Many people think of type 2 diabetes as being a disease of the overweight and obese. While it is true that being overweight or obese is a risk factor, it is not only overweight people at risk for type 2 diabetes.
Type 2 diabetes
Type 2 diabetes, formerly known as adult-onset diabetes, is a chronic condition that affects the way your body processes sugar (glucose). Around 15 to 20% of type 2 diabetes cases occur in people of normal weight. A normal weight individual is someone with a BMI of less than 25 (you can calculate your BMI here).
Metabolically unhealthy normal weight individuals
A person of normal weight can still be ‘metabolically unhealthy’. ‘Metabolic’ refers to all of the biochemical processes that occur in the human body to maintain life. When a normal weight person is ‘metabolically unhealthy’, they may look healthy from the outside, but inside they suffer from metabolic disturbances such as high blood pressure, high triglyceride and LDL cholesterol levels, low HDL cholesterol levels, high levels of insulin in the blood, and insulin resistance. Metabolic syndrome occurs when a person has a combination of metabolic factors that increase their risk of developing type 2 diabetes, cardiovascular disease, and other health problems.
Risk factors for type 2 diabetes in normal weight people
There have been many studies examining type 2 diabetes in normal weight individuals with metabolic syndrome. However, a new study found that metabolic syndrome was only present in one quarter of normal weight people with type 2 diabetes. Therefore, researchers identified both metabolic and non-metabolic risk factors for type 2 diabetes in normal weight people. They found that normal weight individuals who developed type 2 diabetes were characterized by many of the following risk factors:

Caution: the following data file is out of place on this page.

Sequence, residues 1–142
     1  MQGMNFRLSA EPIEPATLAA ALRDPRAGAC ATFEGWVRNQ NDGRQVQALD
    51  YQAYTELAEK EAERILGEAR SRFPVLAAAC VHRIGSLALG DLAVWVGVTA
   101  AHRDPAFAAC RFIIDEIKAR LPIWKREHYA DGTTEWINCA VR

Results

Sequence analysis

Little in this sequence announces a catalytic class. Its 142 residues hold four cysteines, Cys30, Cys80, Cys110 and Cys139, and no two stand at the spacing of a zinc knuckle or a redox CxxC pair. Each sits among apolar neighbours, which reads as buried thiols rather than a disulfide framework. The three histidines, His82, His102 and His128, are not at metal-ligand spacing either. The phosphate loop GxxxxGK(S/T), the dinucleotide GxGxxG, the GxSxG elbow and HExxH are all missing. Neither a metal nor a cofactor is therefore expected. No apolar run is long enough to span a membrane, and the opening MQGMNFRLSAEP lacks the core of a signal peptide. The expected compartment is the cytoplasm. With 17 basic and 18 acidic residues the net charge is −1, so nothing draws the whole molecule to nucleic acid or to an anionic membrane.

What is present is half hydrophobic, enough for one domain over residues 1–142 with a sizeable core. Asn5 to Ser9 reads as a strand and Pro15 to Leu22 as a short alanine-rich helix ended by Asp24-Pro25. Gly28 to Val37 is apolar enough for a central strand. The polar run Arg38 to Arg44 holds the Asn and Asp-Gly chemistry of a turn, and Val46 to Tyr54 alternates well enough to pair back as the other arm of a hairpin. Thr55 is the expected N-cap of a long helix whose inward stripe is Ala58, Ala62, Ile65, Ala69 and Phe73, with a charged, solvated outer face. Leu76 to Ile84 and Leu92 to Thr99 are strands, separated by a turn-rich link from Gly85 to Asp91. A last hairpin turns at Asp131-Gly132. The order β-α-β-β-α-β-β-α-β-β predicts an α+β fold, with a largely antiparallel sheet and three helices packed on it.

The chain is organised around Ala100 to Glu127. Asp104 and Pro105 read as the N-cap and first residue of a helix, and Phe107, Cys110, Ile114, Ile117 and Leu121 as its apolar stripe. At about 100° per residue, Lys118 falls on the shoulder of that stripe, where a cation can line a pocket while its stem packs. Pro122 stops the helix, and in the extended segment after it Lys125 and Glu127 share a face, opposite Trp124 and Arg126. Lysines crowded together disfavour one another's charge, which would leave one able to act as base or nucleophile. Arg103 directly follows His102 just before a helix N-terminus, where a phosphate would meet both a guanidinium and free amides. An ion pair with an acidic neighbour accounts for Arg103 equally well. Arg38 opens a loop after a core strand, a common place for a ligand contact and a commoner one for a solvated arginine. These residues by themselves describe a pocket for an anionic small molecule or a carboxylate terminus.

- More likely to be male
- Former smokers
- Less physically active than normal weight people without diabetes
- Larger waist circumference (30″ average in women; 34.5″ average in men)
- Higher HbA1c (a gauge of average blood glucose levels over the previous 8 to 12 weeks)
- Increased triglycerides
- Lower HDL-cholesterol levels
While the normal weight people with type 2 diabetes displayed many of the above characteristics, generally their numbers were all within normal range, just at the higher end of normal than those without type 2 diabetes. Therefore, it might not be enough to stay within normal range. Instead, we should be striving to stay at the lower or middle end of ‘normal’ in all of these categories.
The bottom line
What can we take away from this study? While there is nothing we can do about gender or being a former smoker, the remaining characteristics identified by the study can be affected by our lifestyle choices.
By being more physically active and eating a healthy diet rich in fruits, vegetables, low-fat or fat-free dairy products, whole grains, fish, poultry, beans, seeds, and nuts, and limiting sodium, red meat, sweets, and sugar-sweetened drinks, we can have a positive effect on every one of the remaining characteristics identified by the study as risk factors for type 2 diabetes in normal weight people.
Just remember – type 2 diabetes is not just a disease of the overweight or obese. You can be normal weight and at risk. But if you get plenty of exercise and eat a healthy diet, your risk can be significantly reduced.
Eckel, N., Mühlenbruch, K., Meidtner, K., Boeing, H., Stefan, N., and Schulze, M. B. “Characterization of Metabolically Unhealthy Normal-weight Individuals: Risk Factors and Their Associations with Type 2 Diabetes.” Metabolism 64.8 (2015): 862-71. Web.